Global economic worries, centered in China, could create a 50-50 chance that the U.S. Federal Reserve reverses its plans to taper asset purchases by $10 billion a month, money manager Jeffrey Gundlach told CNBC on Wednesday.
"My suspicion is that they will not end quantitative easing in 2014 and there will be some reason, probably because of some market volatility, to slow down the taper, to probably stop the taper," said Gundlach, the co-founder and CEO of DoubleLine Capital.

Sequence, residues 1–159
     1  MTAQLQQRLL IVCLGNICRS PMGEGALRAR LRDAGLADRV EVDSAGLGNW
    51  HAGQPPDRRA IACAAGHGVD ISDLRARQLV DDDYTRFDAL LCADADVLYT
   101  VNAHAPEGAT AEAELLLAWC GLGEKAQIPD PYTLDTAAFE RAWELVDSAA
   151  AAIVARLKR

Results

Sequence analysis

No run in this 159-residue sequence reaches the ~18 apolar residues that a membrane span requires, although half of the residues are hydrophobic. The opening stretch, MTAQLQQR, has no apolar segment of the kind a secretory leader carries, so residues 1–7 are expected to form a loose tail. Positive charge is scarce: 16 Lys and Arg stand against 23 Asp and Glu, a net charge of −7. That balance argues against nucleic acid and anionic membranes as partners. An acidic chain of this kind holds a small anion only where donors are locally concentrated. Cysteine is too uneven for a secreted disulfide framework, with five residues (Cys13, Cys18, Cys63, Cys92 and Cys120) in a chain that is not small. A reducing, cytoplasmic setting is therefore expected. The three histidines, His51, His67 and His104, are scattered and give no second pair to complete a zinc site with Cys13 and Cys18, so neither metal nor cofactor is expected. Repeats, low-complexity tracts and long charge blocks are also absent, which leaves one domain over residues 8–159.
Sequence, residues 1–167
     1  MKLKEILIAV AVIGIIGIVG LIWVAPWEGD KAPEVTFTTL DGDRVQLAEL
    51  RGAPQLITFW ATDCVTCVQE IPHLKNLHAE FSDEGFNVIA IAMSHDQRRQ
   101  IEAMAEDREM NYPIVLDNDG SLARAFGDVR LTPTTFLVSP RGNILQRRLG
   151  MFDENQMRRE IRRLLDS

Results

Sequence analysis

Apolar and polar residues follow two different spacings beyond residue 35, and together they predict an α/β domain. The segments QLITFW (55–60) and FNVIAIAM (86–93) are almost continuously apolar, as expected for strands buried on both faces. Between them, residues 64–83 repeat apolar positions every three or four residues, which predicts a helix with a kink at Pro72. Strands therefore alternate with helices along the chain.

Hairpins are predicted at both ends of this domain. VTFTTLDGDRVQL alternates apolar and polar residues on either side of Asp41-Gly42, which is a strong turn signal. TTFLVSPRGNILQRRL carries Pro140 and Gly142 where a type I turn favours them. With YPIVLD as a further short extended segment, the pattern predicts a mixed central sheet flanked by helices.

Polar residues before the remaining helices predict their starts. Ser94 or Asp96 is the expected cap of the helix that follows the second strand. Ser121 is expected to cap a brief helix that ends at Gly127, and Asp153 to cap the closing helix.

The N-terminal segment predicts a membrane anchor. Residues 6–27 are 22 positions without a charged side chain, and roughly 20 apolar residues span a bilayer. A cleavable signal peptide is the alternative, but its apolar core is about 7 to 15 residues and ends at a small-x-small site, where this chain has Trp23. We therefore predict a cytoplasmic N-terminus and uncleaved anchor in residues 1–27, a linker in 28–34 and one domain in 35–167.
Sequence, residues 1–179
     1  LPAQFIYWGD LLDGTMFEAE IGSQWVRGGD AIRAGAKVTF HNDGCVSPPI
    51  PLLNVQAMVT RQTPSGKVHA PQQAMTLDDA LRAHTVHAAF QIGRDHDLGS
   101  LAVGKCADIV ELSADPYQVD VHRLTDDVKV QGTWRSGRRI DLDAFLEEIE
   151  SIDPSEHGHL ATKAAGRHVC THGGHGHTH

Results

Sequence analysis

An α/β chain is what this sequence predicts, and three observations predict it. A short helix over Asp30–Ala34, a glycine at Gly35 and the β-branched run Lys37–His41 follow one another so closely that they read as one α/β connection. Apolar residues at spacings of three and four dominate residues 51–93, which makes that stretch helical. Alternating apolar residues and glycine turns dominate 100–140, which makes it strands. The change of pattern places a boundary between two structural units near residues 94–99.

In interview on "Squawk on the Street," Gundlach said he's worried that China saw too much growth too soon, and he questioned whether the country has the financial controls to handle its rapidly expanding economy. Asked why he thought the Fed could perform an about-face on its taper plans, Gundlach said global economic growth hasn't met expectations.
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Gundlach added that yields on benchmark 10-year Treasury bonds could drop to 2.5 percent or lower in the early part of 2014. He sees a 30 percent chance for a "scramble" into Treasurys that could send yields that low, he said.